ESD Board hears code enforcement concerns

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Business owners whose appeal to an appointed Fire Code Appeals Board was denied in March asked Emergency Services Commissioners Monday to reconsider the decision.

Monty and Shawn Oehrlein, owners of Shooting Star Ranch, told commissioners of Williamson County Emergency Services District #4 that they believe they weren’t treated fairly in the appeals process and requested a new hearing.

The Oehrleins and several of their supporters spoke to commissioners during the public comments of their regular board meeting. The commissioners did not respond as is customary for the public comments portion of the agenda.

At issue is whether the two-story venue in a renovated barn should be required to have a sprinkler system, and that decision hinged on the final determination of Fire Marshal Keeling Neves of the facility’s occupancy classification as A2. The Oehrleins believe their facility was misclassified, and say that meeting the A2 requirements would be cost-prohibitive.

On March 14, volunteers appointed to an Appeals Board sided with the Fire Marshal.

Shawn Oehrlein said the process wasn’t fair in that they were given eight days notice of the hearing — not enough time, she said, “to get professionals to speak to these people and address this.” She added that a packet prepared by department staff and provided to appeals board members in advance of the hearing “excluded the part of the code that talked about classification,” which was the primary point of contention.

Oehrlein said she spoke with County Commissioner Cynthia Long, who said the ESD Board “has the ability for us to have a retrial of this board, a rehearing. This is our business and our livelihood,” Oehrlein said. “You people are the ones in charge. Do we not want small owned businesses here?”

“This is not about the men and women in this department,” said Cathy Riedel, an attorney who lives near the venue. “No one here wants to be in an unsafe building and no one wants to put these men and women (firefighters) at risk. This has been a sleepy board and in a small community that’s growing rapidly. Then this Fire Marshal comes in who has been hired by the county. Who does the Fire Marshal answer to? Ultimately, it comes down to the Chief, but we’re hearing in the community about some arbitrary and capricious findings. No one wants to be in an unsafe place, but none of you as business people would have liked the due process that has come about to this point.”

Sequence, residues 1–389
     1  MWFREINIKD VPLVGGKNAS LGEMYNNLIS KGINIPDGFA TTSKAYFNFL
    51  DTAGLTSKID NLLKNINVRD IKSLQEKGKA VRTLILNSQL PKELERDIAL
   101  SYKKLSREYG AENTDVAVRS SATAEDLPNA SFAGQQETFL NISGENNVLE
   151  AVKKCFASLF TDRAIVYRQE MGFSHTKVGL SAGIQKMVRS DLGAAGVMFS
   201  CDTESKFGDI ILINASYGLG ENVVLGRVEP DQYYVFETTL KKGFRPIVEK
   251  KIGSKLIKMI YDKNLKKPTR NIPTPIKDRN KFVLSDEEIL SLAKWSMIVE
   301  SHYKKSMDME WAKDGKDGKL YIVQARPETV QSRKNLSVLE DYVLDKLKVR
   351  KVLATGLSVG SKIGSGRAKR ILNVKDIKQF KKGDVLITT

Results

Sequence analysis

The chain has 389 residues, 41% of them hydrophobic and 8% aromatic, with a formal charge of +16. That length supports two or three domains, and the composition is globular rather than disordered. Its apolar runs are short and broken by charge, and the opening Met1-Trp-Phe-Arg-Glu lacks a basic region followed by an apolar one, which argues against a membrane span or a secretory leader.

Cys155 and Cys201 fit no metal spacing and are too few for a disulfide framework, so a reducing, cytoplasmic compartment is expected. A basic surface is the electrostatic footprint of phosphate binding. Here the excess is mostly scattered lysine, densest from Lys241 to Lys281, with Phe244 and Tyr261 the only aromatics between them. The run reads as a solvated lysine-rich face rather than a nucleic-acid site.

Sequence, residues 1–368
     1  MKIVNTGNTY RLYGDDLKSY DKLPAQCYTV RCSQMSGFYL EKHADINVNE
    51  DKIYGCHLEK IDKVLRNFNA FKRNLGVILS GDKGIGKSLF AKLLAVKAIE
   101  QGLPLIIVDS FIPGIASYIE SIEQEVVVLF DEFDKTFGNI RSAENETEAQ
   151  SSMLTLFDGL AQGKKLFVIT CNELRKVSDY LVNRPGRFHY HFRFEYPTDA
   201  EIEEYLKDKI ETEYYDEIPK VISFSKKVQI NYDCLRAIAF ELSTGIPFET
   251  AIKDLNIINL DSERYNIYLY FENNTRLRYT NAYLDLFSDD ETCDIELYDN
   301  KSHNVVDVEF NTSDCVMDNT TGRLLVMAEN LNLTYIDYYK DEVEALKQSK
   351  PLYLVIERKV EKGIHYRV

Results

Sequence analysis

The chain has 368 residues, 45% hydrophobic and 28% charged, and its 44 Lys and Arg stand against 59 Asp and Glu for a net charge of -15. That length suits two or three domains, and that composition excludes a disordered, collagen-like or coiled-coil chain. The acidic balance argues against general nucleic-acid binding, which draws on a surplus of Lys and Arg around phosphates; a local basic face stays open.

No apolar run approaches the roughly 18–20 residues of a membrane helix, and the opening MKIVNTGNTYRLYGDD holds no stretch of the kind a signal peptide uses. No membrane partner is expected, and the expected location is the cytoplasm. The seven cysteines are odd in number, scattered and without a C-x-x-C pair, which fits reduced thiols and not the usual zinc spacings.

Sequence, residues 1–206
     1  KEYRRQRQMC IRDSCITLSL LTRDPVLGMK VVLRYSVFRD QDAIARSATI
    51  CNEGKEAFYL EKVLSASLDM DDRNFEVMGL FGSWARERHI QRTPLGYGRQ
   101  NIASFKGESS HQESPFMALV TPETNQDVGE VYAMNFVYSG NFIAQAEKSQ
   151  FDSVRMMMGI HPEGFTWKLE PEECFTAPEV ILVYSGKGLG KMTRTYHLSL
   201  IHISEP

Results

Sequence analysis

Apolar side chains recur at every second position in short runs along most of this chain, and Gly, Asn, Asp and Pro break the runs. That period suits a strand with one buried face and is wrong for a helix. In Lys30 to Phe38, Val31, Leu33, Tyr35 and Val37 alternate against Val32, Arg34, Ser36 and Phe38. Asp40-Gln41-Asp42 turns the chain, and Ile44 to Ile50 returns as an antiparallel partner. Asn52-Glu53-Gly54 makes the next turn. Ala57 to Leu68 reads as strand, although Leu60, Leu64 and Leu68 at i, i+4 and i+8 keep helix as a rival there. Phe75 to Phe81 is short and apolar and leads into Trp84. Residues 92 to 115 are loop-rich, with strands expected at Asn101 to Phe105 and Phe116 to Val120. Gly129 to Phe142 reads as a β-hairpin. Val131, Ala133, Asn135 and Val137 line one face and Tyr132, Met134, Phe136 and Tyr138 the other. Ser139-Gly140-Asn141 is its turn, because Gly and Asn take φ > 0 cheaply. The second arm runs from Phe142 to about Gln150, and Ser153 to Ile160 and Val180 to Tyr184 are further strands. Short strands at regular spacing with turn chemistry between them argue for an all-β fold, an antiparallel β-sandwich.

Mary Spradlin, owner of Lone Star Oaks — a wedding venue scheduled for an October opening — said “there’s been a lot of what we consider to be overreach and over classification.”

She said after speaking with “fire suppression companies, alarm companies, engineers, even spoken with state fire marshal, and they assured me we would be considered an A3,” she said, adding that Lone Star Oaks is no different from Shooting Star Ranch.

We’re just like a community center,” she said. “We’re simply renting a building. We have no kitchen, we store nor sell no alcohol. You’re simply going to come and rent a room, and we, like Shawn, should be considered an A3 and not have to put in the expense of a fire suppression system.

“We want to do what we have to do to be safe, but at some point enough is enough. Y’all have the power to help make this happen for small businesses trying to come into this community,” Spradlin said.

In other business Monday, the ESD Board approved the Treasurer’s Report the quarterly investment report for the second quarter of the fiscal year, and approved a contract with a company for the liquidation of surplus property. The company charges 10 percent commission to sell the department’s surplus property.

The Board also heard an update on construction at Fire Station #2, which is scheduled to be released to the department on May 15.

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